By Digoy Fernandez Corporate social responsibility (CSR), as many of its modern adherents agree, is not just about setting aside a certain amount each year to be dispensed with as a gift-giving exercise. The genre has embraced almost all aspects of a corporate entity and its various publics. Today, I will dwell on the tribe many corporations have viewed with a bit of trepidation, the growing ranks of senior citizens. And all because of mandatory discounts or freebies that either national or local regulations allow for this hallowed group that has seen its prime passing by. My friend and colleague in this paper, Mon Farolan -- who is also an alumnus of the Asian Institute of Management, aside from his storied history in both the military and the diplomatic worlds -- has long dwelt on one particular aspect of the law: the 20 percent discount given to senior citizens for medicines and for restaurant purchases. The 20 percent discount is applied more in the breach than in the spirit of the law. Many establishments, including one particular pet peeve of former ambassador Mon, impose artificial rules and ceilings that do not appear in the law. Here are just a few examples of how establishments go around the rule: • A well known drug distribution outfit used to refuse to apply the discount when credit cards were used. Fortunately, the crusading effort of Mon Farolan set that straight. • Some stores apply the 20 percent discount based on their own in-house formula. For example, if Mr A, a senior, eats with 3 family members, not seniors, one restaurant divides the discount amount by 4. Another restaurant gives only 10 percent and hopes you will not act like an eagle eye accountant. Very few apply the 20 percent directly to the amount pertaining to the food eaten by Mr A. On the other hand, not a few cashiers submit to the hassle of applying discounts in a way that will force them to compute and apply the 20 percent discount across the board. While this is good for guys like Mr A, it beggars the bottom line of said establishments. • One establishment takes the cake when faced with an inquiry about the senior citizen discount. The wise old lady behind the counter asks for the booklet, which is not usually required for restaurant purchases, and says she will then give a 5 percent discount. If one is not properly insulted by the first request, the offer of only 5 percent makes one resolve not to ever darken the said establishment again. But to prevent this smart aleck proprietress from a victory, I am considering reporting her to the mayor of her town that has taken establishments violating the senior citizens law to task. One day, my wife and I went to watch that wonderful movie based on the musical "Mamma Mia" here. I betray my age and my preference for music, especially that of ABBA, as we saw a fair sprinkling of senior citizens present. This was courtesy of a city ordinance that mandates free entrance for them to movie theaters. A few of these venerable old men were even snoring away, enjoying the ambience of an air-conditioned place where they could rest and catch a few winks. My heart always goes out to these older citizens because I often picture myself in their shoes in just so many years. Senior citizens belong to a generation that has already made its mark in society and contributed to its growth or ascendancy. Their progeny now carry the torch, but our seniors deserve whatever break we can give them especially in these years when their earning power is drastically reduced, making them rely on pitiful pensions.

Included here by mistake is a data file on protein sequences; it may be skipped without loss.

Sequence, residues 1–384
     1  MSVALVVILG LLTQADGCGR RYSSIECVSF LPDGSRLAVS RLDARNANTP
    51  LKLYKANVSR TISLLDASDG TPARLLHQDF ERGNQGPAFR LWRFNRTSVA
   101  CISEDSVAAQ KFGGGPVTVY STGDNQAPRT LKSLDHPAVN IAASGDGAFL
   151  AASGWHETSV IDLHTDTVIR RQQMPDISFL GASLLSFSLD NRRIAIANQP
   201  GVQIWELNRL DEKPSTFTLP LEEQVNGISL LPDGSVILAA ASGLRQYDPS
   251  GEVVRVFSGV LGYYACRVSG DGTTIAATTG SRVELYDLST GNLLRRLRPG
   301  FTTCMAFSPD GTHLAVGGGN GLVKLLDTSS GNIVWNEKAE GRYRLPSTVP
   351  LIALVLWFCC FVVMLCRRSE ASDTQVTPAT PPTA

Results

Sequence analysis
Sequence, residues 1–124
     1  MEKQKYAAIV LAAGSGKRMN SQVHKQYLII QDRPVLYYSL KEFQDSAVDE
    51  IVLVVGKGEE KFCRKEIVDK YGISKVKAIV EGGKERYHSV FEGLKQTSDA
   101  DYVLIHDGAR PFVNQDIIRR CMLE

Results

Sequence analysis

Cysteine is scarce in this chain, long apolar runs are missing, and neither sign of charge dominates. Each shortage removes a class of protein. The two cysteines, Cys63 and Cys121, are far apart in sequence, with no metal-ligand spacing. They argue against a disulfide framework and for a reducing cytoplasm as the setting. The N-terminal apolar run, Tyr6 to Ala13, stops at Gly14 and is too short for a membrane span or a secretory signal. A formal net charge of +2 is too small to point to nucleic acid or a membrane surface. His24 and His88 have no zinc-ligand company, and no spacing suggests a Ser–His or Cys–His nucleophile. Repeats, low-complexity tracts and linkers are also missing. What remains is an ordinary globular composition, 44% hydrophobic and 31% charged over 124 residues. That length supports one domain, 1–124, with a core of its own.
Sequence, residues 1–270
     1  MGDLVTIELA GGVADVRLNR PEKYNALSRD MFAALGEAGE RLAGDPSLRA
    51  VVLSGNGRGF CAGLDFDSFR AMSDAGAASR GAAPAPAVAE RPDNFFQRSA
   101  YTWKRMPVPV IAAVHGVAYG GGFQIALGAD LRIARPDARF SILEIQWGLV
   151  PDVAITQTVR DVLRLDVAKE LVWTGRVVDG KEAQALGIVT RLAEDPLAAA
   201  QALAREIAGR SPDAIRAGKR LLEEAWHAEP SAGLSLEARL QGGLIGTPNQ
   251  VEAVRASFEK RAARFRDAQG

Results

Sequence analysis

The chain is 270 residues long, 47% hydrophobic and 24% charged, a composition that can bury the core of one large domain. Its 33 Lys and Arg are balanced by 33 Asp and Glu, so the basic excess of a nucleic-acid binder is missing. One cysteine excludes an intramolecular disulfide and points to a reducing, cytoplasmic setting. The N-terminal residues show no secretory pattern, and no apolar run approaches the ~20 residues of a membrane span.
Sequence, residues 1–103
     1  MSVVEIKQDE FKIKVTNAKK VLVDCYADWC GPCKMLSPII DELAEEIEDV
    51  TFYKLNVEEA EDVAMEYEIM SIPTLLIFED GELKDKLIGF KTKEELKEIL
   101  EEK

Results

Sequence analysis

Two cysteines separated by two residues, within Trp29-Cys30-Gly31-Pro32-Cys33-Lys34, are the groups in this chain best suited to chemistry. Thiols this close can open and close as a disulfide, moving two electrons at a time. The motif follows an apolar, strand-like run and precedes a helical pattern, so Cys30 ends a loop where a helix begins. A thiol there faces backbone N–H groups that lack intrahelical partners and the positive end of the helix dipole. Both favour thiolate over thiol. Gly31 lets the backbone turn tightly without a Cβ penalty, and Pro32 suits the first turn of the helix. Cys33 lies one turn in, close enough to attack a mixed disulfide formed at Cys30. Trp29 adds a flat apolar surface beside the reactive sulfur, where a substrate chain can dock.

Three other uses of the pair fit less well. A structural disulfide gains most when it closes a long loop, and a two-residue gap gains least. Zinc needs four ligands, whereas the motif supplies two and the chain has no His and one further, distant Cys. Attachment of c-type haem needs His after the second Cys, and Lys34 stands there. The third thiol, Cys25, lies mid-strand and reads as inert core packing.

July 2008 Archives
A while back, we wrote about the air-powered car that has gained some credence because of the much-needed backing of the big group Tata of India, a conglomerate that also recently absorbed the Land Rover and Jaguar operations from a cash-strapped Ford Motor Company. Now here comes another motive source that has been bruited about for some time: the water-powered car. However, the people behind this project claim that their car runs on more than just clean water. Supposedly, it can also run on salt water, soft drinks, alcohol, etc. Imagine this scene evolving in front of a bar or nightspot: A proud owner of a water-powered car goes in to partake of his favorite libations and then, feeling the call of nature, goes out to his car to empty himself of waste fluids directly into the gas tank. Ugh! The company that developed the car, Genepax, is now the happy beneficiary of attention from prime car companies Honda and Toyota. If they are interested in this technology, this means that there is something to it after all. Meanwhile, we recall a Filipino inventor named Daniel Dingel who also touted a water-powered car using roughly the same technical process as proposed for the Genepax car. Whatever happened to inventor Dingel? Well, it seems that time and his reticence has passed him by. I actually met the fellow and he made me go over his car, smell the exhaust (no fumes!) coming out of the rear pipe, and so forth. My friend and I, both retired bankers, encouraged Dingel to sign an agreement with one or two big car companies after protecting himself with the appropriate patents. It seems that the paranoid inventor feared having his invention stolen and the technology mined to his detriment. Well, as we said, the train passed by and no one will certainly talk to Dingel now that enough research and development work has gone into non-traditional means of automobile motivation. Watch the following feed which shows both the Genepax car and an old Youtube video of the Dingel car.